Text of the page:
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Alberto Gonzales, the devil you don’t know

Hold that sigh of relief. Sure, we’re getting rid of the worst attorney general in recent memory (and, yes, that includes the Nixon administration’s infamous John Mitchell, who wasn’t as bold as John Ashcroft, and who talked a better game than he played). However, we may be getting a smarter, more sophisticated, better-spoken, more devious and considerably more dangerous replacement in former White House counsel Alberto Gonzales.

To many who would adopt the "anybody but Ashcroft" position, Gonzales would seem, in the words of New York senator Charles Schumer, to be a "better candidate" for AG. But if Gonzales’s legal résumé demonstrates anything, it’s that the government can commit even the vilest atrocities — executing a person without due process, torturing prisoners in total secrecy — so long as they’re authorized by a legal analysis bearing only the faintest patina of plausibility. And, now, fittingly, Gonzales is being rewarded for this shrewdness with the position of top governmental prosecutor — and possibly a future slot on the Supreme Court.

Earlier this year, long before he was picked to be Ashcroft’s successor, Gonzales earned the ire of civil libertarians and decent people everywhere by masterminding one of the more nefarious, underhanded and dangerous legal evasions ever concocted by a government lawyer. In June, the Wall Street Journal and the Washington Post reported that Gonzales and his high-level White House legal and working group had prepared memoranda that claimed the president could lawfully ignore international treaties and congressional statutes in ordering the use of torture and other palpably criminal techniques on enemies captured in the "war on terror." (See "Advice of Counsel: Torture Is Okay," This Just In, June 18.)

To many in the press, this was evidence that the White House wanted to twist the law to give the president as much authority as possible to extract information from captive terrorists. We, however, saw evidence of something more sinister and calculating: that Gonzales and the memos’ authors intentionally proffered outlandish legal advice so that, should officials working under the president ever be held accountable for violating international law, they could point to the memos as a plausible defense. Any agents of the federal government prosecuted for torturing a prisoner — in Abu Ghraib, Guantánamo, or elsewhere — could claim they were merely complying with the advice of the government’s legal counsel, and the person who had instructed them could claim the same defense. In moral terms, it’s barely indistinguishable from Nazi war criminals’ assertions at Nuremberg that they were merely "following orders." Unlike the Nuremberg defense, however, the "advice of legal counsel" doctrine is an old and established defense in criminal cases, designed to show that the defendant acted on a good-faith assumption that what he or she was doing was lawful. Such advice is usually given, however, by an ethical lawyer writing on the basis of his or her sincerely held legal views, rather than as a cynical tactic offered in advance to give the guilty a colorable defense.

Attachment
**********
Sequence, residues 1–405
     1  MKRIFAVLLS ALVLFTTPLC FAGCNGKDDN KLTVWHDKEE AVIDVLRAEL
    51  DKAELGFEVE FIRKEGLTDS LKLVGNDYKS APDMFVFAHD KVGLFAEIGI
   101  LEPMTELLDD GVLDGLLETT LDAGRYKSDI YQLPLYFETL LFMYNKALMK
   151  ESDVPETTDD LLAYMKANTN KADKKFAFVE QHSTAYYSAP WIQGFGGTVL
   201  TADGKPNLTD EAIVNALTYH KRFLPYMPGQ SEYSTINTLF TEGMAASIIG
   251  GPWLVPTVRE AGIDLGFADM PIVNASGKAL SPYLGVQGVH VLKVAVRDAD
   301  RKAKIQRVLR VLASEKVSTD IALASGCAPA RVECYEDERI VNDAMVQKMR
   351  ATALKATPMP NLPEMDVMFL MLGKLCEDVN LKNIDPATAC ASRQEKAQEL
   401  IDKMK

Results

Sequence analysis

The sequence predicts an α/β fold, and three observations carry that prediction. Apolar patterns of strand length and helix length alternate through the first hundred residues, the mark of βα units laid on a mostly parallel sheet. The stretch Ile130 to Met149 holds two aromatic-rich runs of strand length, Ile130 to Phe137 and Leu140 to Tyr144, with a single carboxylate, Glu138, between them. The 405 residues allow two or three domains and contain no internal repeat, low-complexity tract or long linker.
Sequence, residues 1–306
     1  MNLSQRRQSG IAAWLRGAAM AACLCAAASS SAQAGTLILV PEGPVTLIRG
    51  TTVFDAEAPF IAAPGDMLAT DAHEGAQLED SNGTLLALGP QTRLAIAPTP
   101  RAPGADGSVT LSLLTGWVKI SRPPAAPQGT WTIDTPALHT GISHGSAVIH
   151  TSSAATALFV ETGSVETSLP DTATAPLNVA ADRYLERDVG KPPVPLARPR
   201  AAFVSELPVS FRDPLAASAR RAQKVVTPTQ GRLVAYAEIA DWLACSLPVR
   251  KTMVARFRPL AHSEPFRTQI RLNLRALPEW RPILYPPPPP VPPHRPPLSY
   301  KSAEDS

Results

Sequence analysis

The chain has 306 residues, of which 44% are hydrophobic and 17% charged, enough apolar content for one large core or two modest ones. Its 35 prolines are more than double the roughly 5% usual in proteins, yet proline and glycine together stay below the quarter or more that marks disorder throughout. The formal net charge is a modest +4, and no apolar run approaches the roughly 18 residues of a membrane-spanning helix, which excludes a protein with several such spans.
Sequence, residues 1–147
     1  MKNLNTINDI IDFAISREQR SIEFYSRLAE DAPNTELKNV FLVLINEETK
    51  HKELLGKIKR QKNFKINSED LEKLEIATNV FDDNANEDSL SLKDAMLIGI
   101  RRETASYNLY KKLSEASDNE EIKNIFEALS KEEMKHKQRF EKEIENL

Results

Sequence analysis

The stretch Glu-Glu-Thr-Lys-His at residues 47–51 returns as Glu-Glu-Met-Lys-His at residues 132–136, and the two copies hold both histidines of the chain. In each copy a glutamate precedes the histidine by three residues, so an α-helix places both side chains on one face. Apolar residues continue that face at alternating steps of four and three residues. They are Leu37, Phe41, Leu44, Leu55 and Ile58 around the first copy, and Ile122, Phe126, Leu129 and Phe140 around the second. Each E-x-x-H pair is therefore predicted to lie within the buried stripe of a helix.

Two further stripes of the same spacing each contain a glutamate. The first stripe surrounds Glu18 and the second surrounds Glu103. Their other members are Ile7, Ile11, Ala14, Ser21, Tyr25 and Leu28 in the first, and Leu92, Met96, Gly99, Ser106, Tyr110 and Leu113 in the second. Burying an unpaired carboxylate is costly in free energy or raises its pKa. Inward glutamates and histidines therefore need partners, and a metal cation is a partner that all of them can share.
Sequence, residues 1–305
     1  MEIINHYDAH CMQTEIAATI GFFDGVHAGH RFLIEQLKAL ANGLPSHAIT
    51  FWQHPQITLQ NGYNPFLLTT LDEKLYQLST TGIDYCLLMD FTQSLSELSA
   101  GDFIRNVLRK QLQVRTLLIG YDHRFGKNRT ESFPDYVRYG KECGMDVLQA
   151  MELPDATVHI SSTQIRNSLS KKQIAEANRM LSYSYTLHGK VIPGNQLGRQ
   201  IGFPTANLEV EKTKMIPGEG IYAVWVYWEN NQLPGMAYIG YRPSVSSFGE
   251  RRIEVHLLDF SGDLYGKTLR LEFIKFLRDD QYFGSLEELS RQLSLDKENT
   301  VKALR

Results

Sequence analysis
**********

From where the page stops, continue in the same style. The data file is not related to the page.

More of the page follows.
As shocking as these practices are, Gonzales has a history of crafting ambitious end runs around the law. In 1997, as the legal counsel to then–Texas governor George W. Bush, Gonzales sent a letter to the US State Department claiming that the Vienna Convention on Consular Relations, which became US law in 1969, simply didn’t apply to Texas. At the time, the Lone Star State was preparing to execute a Mexican national, Irineo Tristan Montoya, who had been convicted in 1985 of murder. The Mexican government complained that Texas had violated the Vienna Convention in denying Tristan Montoya access to legal counsel from his home country. Mexico was also concerned that Tristan Montoya, who did not speak English, had signed, in the absence of a lawyer, a confession he couldn’t even read. According to Gonzales, however, because Texas was not a signatory to the Vienna Convention, it didn’t have to play by those standards. (Gonzales must have forgotten that Texas is no longer an independent republic.) Two days after Gonzales’s letter was written, Tristan Montoya was executed, to much public outcry in Mexico and abroad. (Disclosure: Harvey Silverglate’s law firm participated in the defense of one of the Mexicans on Texas’s death row.)

Ominously, the fact that President Bush has for some time been considering Gonzales as a possible Supreme Court nominee suggests that Gonzales’s stint as attorney general may be just a steppingstone to a much more powerful career, and one without a term limit to boot. If Gonzales can be shepherded through the attorney-general confirmation hearings unscathed, and if he can be confirmed despite the White House torture memos, it’ll offer convincing proof that he can withstand Supreme Court confirmation hearings a year or two down the line. Unfortunately, if Gonzales gets sworn in as a Supreme Court justice, he will likely bring along his novel interpretation of the rule of law: figure out what you want to do, and then twist the law to authorize it. It’ll make a mockery of the administration’s claimed devotion to "strict constructionism" — the theory that judges should follow the law rather than make it up to suit their ideology.

Issue Date: November 19 - 25, 2004
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